• HIV testing – age 15 years and older, less than 15 years if unaccompanied/separated minor, or clinical risk factors (sexually active, history of sexual violence/abuse, where parents are deceased/missing/known to be HIV positive, other STIs, history of blood transfusions, or where there are clinical symptoms/signs)
  • Helicobacter pylori screening (faecal antigen test on fresh specimen) in children with family history gastric cancer, or symptoms/signs dyspepsia/ulcer disease. 

Urgent specialist assessment/advice is required in children and adolescents with the following presentations:

  • Unwell/febrile (this requires urgent exclusion of malaria and other severe infection)
  • Symptoms suggesting active TB disease (fevers, weight loss/poor weight gain, prolonged cough, other localising symptoms)
  • Malnutrition
  • Clinical rickets or hypocalcaemia
  • Low B12 levels in infants/young children (also maternal deficiency during exclusive breastfeeding)
  • Developmental issues or disability
  • Severe mental health concerns

Produced by

in consultation with

                  Refugee Health Network of Australia

Endorsed by

Funded by

The Australian Refugee Health Practice Guide was produced with funds from the Australian Government Department of Health.


The information set out in the Australian Refugee Health Practice Guide (“the Guide”) is current at the date of first publication and is intended for use as a guide of a general nature only and may or may not be relevant to particular patients or circumstances. Nor is the Guide exhaustive of the subject matter. Persons implementing any recommendations contained in the Guide must exercise their own independent skill or judgement or seek appropriate professional advice relevant to their own particular circumstances when so doing. The statements or opinions that are expressed in the Guide reflect the views of the contributing authors and do not necessarily represent the views of the editors or Foundation House. Compliance with any recommendations cannot of itself guarantee discharge of the duty of care owed to patients and others coming into contact with the health professional and the premises from which the health professional operates.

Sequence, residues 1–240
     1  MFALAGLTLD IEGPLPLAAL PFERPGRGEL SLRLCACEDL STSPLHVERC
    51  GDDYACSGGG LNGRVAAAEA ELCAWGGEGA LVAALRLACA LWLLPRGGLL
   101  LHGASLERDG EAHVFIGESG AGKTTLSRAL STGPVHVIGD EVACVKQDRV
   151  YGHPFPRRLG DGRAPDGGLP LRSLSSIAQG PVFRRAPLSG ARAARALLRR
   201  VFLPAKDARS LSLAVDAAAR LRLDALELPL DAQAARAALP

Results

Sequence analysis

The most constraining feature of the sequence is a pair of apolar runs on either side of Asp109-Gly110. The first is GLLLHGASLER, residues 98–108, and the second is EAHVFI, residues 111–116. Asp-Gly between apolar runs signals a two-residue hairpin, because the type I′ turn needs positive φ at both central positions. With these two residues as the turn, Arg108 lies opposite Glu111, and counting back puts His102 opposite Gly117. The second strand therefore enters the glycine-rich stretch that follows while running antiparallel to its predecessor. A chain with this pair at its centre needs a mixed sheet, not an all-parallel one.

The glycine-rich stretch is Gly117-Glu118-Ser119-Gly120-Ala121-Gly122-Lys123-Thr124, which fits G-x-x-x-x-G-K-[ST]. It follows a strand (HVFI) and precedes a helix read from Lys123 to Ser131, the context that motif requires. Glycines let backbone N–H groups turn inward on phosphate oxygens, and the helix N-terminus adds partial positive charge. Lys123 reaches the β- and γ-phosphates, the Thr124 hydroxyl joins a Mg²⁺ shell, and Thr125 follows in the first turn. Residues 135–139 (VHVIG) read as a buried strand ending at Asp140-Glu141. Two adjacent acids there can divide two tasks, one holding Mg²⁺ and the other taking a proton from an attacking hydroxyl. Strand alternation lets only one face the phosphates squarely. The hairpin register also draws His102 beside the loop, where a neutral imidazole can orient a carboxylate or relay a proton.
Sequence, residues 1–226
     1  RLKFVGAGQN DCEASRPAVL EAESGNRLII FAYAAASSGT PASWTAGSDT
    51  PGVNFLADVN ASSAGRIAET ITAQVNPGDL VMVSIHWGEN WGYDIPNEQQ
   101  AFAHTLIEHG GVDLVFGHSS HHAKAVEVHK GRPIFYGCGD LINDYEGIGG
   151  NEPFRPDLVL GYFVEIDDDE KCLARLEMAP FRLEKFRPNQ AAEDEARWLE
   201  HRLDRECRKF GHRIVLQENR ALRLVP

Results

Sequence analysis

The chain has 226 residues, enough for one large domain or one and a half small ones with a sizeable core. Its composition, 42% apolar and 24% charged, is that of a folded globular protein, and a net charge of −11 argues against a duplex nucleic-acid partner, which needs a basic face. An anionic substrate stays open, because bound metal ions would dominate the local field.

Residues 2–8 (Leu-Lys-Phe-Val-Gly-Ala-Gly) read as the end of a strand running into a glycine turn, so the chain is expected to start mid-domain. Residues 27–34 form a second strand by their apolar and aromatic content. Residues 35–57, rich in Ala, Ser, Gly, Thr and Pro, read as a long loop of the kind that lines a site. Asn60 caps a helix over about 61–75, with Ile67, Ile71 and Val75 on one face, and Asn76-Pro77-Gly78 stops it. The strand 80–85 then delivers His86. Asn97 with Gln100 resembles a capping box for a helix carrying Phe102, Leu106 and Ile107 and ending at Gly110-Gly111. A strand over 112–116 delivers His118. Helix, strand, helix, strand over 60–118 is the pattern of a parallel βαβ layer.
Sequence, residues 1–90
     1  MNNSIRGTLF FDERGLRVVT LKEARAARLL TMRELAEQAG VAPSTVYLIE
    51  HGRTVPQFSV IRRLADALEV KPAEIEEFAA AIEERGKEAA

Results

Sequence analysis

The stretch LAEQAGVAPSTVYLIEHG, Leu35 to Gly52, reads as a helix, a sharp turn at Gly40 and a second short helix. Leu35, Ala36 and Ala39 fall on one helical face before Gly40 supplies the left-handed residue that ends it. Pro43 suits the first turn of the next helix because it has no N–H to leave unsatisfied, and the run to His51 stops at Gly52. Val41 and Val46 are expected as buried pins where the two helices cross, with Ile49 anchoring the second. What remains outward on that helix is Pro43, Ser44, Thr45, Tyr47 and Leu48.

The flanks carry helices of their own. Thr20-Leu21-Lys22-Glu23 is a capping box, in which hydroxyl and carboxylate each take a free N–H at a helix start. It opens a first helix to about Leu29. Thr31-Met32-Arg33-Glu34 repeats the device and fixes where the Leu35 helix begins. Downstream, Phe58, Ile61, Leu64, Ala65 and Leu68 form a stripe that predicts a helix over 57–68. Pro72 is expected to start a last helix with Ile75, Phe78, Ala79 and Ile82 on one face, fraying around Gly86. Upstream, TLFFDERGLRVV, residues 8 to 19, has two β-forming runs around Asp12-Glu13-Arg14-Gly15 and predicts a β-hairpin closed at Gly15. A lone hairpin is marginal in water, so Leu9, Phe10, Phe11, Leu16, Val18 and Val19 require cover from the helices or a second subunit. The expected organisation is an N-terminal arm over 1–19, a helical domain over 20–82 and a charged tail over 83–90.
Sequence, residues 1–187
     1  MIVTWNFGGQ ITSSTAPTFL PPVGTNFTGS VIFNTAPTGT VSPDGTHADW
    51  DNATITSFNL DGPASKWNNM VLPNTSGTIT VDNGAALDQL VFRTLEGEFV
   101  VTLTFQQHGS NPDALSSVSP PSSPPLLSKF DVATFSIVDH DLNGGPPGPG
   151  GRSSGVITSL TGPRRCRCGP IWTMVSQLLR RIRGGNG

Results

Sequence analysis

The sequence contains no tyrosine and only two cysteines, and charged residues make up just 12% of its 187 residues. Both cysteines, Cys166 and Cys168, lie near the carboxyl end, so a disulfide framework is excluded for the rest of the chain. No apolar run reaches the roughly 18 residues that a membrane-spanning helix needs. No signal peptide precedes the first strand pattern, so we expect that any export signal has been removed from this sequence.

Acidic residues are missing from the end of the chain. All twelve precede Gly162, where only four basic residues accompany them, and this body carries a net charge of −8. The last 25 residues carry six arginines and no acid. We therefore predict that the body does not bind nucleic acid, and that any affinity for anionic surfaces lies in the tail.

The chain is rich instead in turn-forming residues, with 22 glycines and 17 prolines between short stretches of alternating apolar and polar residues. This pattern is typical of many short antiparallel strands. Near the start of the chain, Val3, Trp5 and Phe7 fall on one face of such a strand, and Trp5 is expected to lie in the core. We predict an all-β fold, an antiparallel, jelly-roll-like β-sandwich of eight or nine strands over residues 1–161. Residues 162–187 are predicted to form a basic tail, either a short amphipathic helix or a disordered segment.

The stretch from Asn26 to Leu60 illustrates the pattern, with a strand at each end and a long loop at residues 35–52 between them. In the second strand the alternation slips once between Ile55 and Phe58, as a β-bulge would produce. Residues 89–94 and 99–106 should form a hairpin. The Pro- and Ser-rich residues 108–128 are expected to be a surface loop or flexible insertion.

Whilst the information is directed to health professionals possessing appropriate qualifications and skills in ascertaining and discharging their professional (including legal) duties, it is not to be regarded as clinical advice and, in particular, is no substitute for a full examination and consideration of medical history in reaching a diagnosis and treatment based on accepted clinical practices.

Accordingly, Foundation House and its employees and agents shall have no liability (including without limitation liability by reason of negligence) to any users of the information contained in the Guide for any loss or damage (consequential or otherwise), cost or expense incurred or arising by reason of any person using or relying on the information contained in the Guide and whether caused by reason of any error, negligent act, omission or misrepresentation in the information. Although every effort has been made to ensure that drug doses and other information are presented accurately in the Guide, the ultimate responsibility rests with the prescribing clinician. For detailed prescribing information or instructions on the use of any product described herein, please consult the prescribing information issued by the manufacturer.